It’s been one year, folks

1 Aug

The year has flown by. What did I learn about myself? About OC? About life?

If I had to sum up my experience in one sentence it would be this:
For the first time in my life, I don’t have anything to define my identity.

I have always had my job, my partner, or the community I was living in to define who I was. My best friends in college came from the dorm I lived in. Years later, I had become so tight-knit with the neighbors in my building that we would talk about 675 11th Street like it was an exclusive club. My sense of purpose was derived from my job at the women’s center on campus, and again as director of my previous organization. I felt like I was part of Oakland.

In Orange County, I am an anonymous face in a nondescript city where I have few friends, at a job where my main role is to be a non-judgmental facilitator of other people’s work. I’m also in my first romantic relationship where I have not attached myself to my boyfriend and his identity. There are no lines for me to draw declaring which side I’m on, and there are no lines forced on me by others.

The freedom and power to define myself as I want. No pressure of needing to fit in, no professional demands, no historical baggage to cart along, no punishments or consequences.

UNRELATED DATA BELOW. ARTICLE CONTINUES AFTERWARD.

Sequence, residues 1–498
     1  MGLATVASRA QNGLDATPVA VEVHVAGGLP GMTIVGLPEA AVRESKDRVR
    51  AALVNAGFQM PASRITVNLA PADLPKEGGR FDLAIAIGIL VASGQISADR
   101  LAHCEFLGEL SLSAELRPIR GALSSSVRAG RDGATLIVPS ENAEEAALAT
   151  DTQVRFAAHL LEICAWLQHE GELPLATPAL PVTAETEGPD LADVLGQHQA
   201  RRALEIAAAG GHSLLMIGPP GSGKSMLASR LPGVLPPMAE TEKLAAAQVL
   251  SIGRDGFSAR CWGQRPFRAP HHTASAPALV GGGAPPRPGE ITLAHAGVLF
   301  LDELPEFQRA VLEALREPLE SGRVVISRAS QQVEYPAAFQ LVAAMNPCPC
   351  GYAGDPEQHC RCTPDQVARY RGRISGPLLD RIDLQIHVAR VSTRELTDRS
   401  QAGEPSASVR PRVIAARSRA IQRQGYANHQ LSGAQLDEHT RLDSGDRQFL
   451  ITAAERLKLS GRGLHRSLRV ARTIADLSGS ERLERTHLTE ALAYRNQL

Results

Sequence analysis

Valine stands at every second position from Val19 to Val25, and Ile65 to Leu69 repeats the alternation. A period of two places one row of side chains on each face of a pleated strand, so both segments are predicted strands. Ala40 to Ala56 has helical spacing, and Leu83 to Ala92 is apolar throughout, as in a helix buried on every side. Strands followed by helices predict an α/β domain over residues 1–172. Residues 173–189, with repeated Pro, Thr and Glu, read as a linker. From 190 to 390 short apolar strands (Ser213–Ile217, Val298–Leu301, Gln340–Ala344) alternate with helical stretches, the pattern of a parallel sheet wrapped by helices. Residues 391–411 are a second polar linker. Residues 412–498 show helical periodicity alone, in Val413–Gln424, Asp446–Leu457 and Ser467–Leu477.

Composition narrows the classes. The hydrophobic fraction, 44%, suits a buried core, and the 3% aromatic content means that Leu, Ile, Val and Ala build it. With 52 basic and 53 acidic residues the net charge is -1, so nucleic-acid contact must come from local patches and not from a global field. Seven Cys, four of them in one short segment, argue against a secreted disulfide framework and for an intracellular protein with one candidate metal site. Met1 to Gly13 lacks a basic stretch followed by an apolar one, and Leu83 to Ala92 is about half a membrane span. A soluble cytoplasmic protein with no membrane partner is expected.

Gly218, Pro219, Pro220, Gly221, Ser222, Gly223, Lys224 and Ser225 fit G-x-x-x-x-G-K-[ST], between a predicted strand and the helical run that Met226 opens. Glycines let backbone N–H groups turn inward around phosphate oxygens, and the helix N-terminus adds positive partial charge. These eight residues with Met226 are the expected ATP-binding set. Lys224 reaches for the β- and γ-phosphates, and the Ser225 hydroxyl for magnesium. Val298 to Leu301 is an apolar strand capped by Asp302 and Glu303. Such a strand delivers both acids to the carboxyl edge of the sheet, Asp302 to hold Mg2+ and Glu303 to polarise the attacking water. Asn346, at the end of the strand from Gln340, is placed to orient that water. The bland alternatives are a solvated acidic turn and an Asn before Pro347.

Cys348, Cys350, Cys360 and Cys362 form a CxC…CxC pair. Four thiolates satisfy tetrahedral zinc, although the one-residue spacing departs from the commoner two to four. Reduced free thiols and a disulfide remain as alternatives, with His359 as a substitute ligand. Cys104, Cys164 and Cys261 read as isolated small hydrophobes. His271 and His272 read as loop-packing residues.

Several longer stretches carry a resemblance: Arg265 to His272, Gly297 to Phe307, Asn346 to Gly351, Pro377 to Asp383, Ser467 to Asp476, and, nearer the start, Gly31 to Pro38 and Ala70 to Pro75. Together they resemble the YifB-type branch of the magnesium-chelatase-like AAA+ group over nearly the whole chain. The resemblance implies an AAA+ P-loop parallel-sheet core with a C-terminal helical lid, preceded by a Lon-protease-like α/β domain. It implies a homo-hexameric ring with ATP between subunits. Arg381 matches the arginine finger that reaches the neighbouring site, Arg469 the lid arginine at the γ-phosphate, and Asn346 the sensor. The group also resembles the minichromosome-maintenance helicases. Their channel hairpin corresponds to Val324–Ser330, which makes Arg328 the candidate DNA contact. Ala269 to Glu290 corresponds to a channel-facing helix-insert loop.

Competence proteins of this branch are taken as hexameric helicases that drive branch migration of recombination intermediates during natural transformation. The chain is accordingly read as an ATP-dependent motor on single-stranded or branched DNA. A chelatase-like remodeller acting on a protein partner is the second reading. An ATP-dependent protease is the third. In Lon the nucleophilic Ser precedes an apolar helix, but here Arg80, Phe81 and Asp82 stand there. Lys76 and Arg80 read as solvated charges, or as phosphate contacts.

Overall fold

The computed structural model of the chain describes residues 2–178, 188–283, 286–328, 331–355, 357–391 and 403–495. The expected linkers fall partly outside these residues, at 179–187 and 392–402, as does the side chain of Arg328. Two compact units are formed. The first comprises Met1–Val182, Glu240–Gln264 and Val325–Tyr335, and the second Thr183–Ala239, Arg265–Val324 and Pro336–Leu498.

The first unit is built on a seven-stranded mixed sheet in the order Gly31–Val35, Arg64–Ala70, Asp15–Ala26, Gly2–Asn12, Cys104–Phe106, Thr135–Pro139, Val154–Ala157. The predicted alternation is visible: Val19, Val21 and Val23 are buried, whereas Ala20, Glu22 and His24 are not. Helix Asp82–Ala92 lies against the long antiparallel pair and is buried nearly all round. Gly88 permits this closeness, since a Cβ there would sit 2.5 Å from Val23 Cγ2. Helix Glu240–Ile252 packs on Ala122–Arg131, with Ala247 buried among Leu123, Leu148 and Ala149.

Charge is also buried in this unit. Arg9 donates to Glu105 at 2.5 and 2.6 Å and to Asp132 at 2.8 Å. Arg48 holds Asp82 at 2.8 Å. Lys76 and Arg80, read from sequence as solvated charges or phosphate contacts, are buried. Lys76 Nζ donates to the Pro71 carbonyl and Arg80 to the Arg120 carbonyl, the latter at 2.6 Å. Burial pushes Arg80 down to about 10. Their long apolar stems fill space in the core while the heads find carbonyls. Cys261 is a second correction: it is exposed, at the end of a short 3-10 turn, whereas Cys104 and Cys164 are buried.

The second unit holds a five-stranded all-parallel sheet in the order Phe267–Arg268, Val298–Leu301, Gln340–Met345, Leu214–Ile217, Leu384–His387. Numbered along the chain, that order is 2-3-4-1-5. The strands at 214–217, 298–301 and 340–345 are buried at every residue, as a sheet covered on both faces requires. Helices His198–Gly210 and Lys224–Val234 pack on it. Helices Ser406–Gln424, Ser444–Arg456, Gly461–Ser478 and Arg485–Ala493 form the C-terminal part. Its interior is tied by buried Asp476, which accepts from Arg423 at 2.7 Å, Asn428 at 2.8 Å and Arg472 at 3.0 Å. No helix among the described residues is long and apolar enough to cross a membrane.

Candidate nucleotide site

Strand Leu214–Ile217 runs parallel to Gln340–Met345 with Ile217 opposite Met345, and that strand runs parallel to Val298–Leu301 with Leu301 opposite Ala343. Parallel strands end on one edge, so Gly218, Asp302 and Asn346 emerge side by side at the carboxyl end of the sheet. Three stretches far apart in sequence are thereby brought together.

Some people might find this liberating. I find it terrifying.

Who am I if not the work I do? Who am I if not the company I keep? Who am I if not a member of my community?

It’s only recently sunk in that I’ve always defined myself by association. I’m part of this family, I work at this organization, I know these people, even I’m this astrological sign. But since I no longer identify with where I live, where I work, or who I know, I need to shift. It’s much more difficult for me to say who I am, what I want, how I feel.

To make matters worse, I’m experiencing a lot of anxiety about who I want to be. I’m worried that who I am, the person I’ve chosen to be amongst a bounty of choices, is a lazy girl sitting alone at the beach reading novels and eating cherries.

Anxiety notwithstanding, it was a relief to reach this clarity, that much of my uneasiness about my new life is tied to this shift in identity. That it’s not just me being apathetic and unmotivated. That it’s hard to strive for wholeness when you’re no longer sure who you are.

Whether or not it’s true, I’m declaring this period of transition over. One year of whining, over-analyzing, and constantly judging myself is enough. For the next year, I will try to avoid the pretentiousness of “who am I”, the whiny-ness of “why does my life suck even though it doesn’t”, and the fatalism of “I will be stuck here forever”. I will just ask myself little non-judgmental questions like “how do I feel in this moment?” and “do I like this?”

Ok, OC, I’m willing to give it another go. With a little more love and compassion this time.


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